Born in Houston, Texas, Rogers formed his first band while in high school in 1956—a doo-wop group called the Scholars—and never quit making music. He charted on Cash Box as a solo artist in the late 1950s with the song "That Crazy Feeling" as Kenneth Rogers, which earned him a performance on "American Bandstand." After playing stand-up bass and singing for many years with the jazz group the Bobby Doyle Three (the group released an album on Columbia Records), Rogers joined folk favorite The New Christy Minstrels. In 1967, Rogers formed the First Edition. As the lead singer of the group, Rogers sang on the band's biggest hits, such as "Just Dropped In (To See What Condition My Condition Was In)" and "Ruby, Don't Take Your Love To Town." The group, who hosted their own syndicated television series, “Rollin'," stayed together through 1975.
In 1976, Rogers signed a deal in Nashville with United Artists. With the help of producer Larry Butler, Rogers released "Lucille" in early 1977, his first No. 1 hit. The singer would tally many classic hits through the decade, including "Sweet Music Man," "Every Time Two Fools Collide" (recorded with the late Dottie West), "Love Or Something Like It," "The Gambler," and "She Believes In Me." Rogers was named Male Vocalist of the Year by both the CMA and the ACM, being also recognized as Entertainer of the Year by the latter in 1979.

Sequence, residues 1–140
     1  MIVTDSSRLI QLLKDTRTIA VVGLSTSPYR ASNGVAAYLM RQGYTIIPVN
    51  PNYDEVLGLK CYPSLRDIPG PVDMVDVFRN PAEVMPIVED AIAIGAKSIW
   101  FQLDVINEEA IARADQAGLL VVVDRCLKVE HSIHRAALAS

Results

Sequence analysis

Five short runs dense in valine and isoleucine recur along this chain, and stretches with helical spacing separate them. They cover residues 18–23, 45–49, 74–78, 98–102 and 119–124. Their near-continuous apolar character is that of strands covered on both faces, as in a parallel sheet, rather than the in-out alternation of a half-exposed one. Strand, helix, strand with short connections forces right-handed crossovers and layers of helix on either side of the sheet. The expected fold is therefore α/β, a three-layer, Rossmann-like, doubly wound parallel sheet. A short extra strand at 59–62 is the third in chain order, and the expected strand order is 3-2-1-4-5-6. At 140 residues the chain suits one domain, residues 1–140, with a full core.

In 1980, Rogers made musical history with his cross-over success of "Lady." The Lionel Richie composition and production netted the Rogers a No. 1 hit in the Country, Pop, AC, and R&B fields. The album from which the song was pulled, Kenny Rogers' Greatest Hits, was certified Diamond for sales of over 10 million units. In the 1980s, Rogers stayed on top of the charts with No. 1 hits like "I Don't Need You," "Through The Years," "We've Got Tonight" (with Sheena Easton), "Islands In The Stream" (with Dolly Parton), “Crazy" and "Morning Desire." In 1985, Rogers sang on the GRAMMY®-winning USA For Africa charity single, "We Are The World," joined by an unprecedented number of music legends. He also established a successful career as an actor – playing the lead role of Brady Hawkes in the record-breaking, five-movie The Gambler TV series, starring in the 1982 motion picture "Six Pack" and more – and as a photographer, with several published books of photos to his credit, including "This Is My Country."